# All intermediate subfields

I have this multi-part problem in Galois Theory.

Find all the subfields of the splitting field $$L$$ of the polynomial $$X^3+3 \in \mathbb{Q}[x]$$. (Exhibit explicit generators for these).

Prove or disprove: $$X^6 + 3$$ splits over $$L$$.

I know that $$L$$ is Galois extension over $$\mathbb{Q}$$.

Thanks.

• Hi and welcome to MSE! What have you tried? Have you found the degree of these splitting fields? Commented May 2, 2020 at 19:35
• Have you tried using the factorization $a^3 + b^3 = (a+b)(a^2-ab+b^2)$? Commented May 2, 2020 at 19:43
• I found the degree of L\Q is 6.. Commented May 2, 2020 at 20:11
• I need help in finding all of the subfields of L Commented May 2, 2020 at 20:19

As you commented $$[L:\mathbb Q]=6$$. This is because the polynomial $$X^3+3$$ is irreducible (thanks to Eisenstein criterion, $$p=3$$) so $$\sqrt[3]{-3} = \alpha$$ has degree $$3$$ over $$\mathbb Q$$.

The splitting field $$L$$ is $$\mathbb Q(\alpha, \omega)$$ where $$\omega$$ is the third primitive root of unity. Since $$\omega$$ has degree $$2$$ (it's minimal polynomial is $$x^2+x+1$$), then $$[L:\mathbb Q]=6$$ (because $$2$$ and $$3$$ are coprime).

Also the extension $$L/\mathbb Q$$ is normal and separable, hence it is a Galois extension.

Define the following automorphisms of $$L$$: $$$$\rho:L\rightarrow L, \begin{cases} \rho(\alpha) = \alpha\omega\\ \rho(\omega) = \omega \end{cases} \qquad \sigma:L\rightarrow L, \begin{cases} \sigma(\alpha) = \alpha\\ \sigma(\omega) = \omega^2 \end{cases}$$$$ They are well defined automorphisms of $$\text{Gal}(L/\mathbb Q))$$. Now $$\rho$$ has order $$3$$, $$\sigma$$ has order $$2$$, $$\langle \rho\rangle \cap \langle \sigma \rangle = \emptyset$$ and $$\sigma\rho\sigma^{-1} = \rho^{-1}$$. This easily implies (cardinality) that: $$\text{Gal}(L/\mathbb Q)) = \langle \rho, \sigma \ | \ \rho^3=\sigma^2=id, \sigma\rho\sigma^{-1} = \rho^{-1}\rangle \cong S_3$$

Thanks to the Galois corrispondance theorem we have that the intermediate subfields are in bijection with the subgroups of $$\text{Gal}(L/\mathbb Q)=S_3$$.

We have only $$6$$ subgroups, so we have only $$6$$ intermediate subfields that are:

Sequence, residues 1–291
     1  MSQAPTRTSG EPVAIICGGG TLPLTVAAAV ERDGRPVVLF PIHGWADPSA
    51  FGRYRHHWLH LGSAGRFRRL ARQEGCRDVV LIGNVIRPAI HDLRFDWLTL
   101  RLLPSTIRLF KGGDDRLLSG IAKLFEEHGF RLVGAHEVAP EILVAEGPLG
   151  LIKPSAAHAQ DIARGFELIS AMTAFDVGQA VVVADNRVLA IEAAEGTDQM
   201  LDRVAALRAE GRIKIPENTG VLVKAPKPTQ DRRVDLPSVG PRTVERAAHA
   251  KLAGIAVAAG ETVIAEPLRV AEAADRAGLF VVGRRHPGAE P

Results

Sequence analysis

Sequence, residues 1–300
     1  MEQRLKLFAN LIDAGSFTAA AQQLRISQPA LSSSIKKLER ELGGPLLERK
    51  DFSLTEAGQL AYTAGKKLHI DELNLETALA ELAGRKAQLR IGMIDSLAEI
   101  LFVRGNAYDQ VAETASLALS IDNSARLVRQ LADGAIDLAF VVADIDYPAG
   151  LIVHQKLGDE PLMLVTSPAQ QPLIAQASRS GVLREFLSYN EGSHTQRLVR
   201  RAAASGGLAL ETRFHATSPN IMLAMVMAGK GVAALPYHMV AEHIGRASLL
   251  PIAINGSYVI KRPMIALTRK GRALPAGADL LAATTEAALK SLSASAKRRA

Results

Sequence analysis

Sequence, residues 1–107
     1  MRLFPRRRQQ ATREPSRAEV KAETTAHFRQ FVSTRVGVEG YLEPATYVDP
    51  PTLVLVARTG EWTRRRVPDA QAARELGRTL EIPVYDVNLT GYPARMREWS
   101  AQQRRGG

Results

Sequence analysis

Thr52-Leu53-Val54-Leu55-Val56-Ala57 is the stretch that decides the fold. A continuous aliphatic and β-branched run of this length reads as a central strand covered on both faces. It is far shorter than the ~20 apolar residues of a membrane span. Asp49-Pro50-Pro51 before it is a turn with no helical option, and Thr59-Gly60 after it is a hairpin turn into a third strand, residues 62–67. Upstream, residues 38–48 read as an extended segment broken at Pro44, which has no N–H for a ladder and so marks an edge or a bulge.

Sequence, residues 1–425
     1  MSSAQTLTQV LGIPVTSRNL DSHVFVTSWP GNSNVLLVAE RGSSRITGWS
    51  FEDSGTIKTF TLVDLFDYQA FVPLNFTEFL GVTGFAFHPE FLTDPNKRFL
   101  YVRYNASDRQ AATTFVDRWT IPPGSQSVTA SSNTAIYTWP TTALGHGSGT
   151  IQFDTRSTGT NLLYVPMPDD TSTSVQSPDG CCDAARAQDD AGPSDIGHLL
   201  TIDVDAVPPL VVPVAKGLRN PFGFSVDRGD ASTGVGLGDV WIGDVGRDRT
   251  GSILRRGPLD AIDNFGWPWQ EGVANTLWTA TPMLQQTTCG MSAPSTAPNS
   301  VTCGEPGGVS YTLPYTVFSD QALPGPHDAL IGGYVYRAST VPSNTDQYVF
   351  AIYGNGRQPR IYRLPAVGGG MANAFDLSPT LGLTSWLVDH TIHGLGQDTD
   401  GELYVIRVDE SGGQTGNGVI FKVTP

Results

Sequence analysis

$$\begin{gather} S_3 \quad \longleftrightarrow L^{S_3} = \mathbb Q\\ \langle \rho \rangle \quad \longleftrightarrow L^{\langle \rho \rangle} = \mathbb Q(\omega)\\ \langle \sigma \rangle \quad \longleftrightarrow L^{\langle \sigma \rangle} = \mathbb Q(\alpha)\\ \langle \sigma\rho \rangle \quad \longleftrightarrow L^{\langle \sigma\rho \rangle} = \mathbb Q(\alpha\omega)\\ \langle \sigma\rho^2 \rangle \quad \longleftrightarrow L^{\langle \sigma\rho^2 \rangle} = \mathbb Q(\alpha\omega^2)\\ \{id\} \quad \longleftrightarrow L^{\{id\}} = L\\ \end{gather}$$

Let's denote with $$K$$ the splitting field of $$X^6+3$$ over $$\mathbb Q$$. $$K = \mathbb Q(\sqrt[6]{-3}, \omega_6) = \mathbb (\sqrt[6]{-3},\omega)$$ where $$\omega_6$$ is the sixth primitive root of unity.

Observe that $$\left(\sqrt[6]{-3}\right)^2 = \sqrt[3]{-3}$$; hence $$L\subset K$$.

Now if we show that the degree $$[K:\mathbb Q]=6$$, then we have $$L=K$$ (a containment and equal degree).

Observe that $$\left(\sqrt[6]{-3}\right)^3 = i\sqrt{3}$$, and $$\mathbb Q(\omega) = \mathbb Q(i\sqrt 3)$$. Hence $$K=\mathbb Q(\sqrt[6]{-3},\omega) = \mathbb Q(\sqrt[6]{-3})$$ and this field has degree $$6$$ over $$\mathbb Q$$ because $$X^6+3$$ is irreducible by Eisenstein.

So $$L=K$$ and $$X^6+3$$ splits over $$L$$.

• Thank you very much!.. Can you help me on finding all intermediate subfields of L? Commented May 2, 2020 at 21:52
• @1Math12 I edited the answer, sorry for the misunderstanding :) Commented May 2, 2020 at 22:15
• @ Menezio I want to ask...Is there any difference between the two questions "Find all the subfields of L " and "Find all intermediate fields of L"...?? Commented May 3, 2020 at 19:44
• When I computed $L^{\langle \sigma\rho \rangle}$ I've got $\mathbb Q(\alpha^{2}\omega)$...is it ok or not!! Commented May 3, 2020 at 20:28
• @1Math12 Well, by "intermediate" conventionally we intend all the fields except the base field and the splitting field. For the last comment: $\sigma\rho(\alpha \omega) = \sigma(\alpha\omega^2) = \alpha\omega^4 = \alpha\omega$ so $\mathbb Q(\alpha\omega)$ is fixed by $\langle \sigma\rho\rangle$. We also have $\sigma\rho(\alpha^2 \omega) = \sigma(\alpha^2\omega^3) = \sigma(\alpha^2) = \alpha^2$, so it seems that $\alpha^2\omega$ is not fixed. Commented May 3, 2020 at 21:04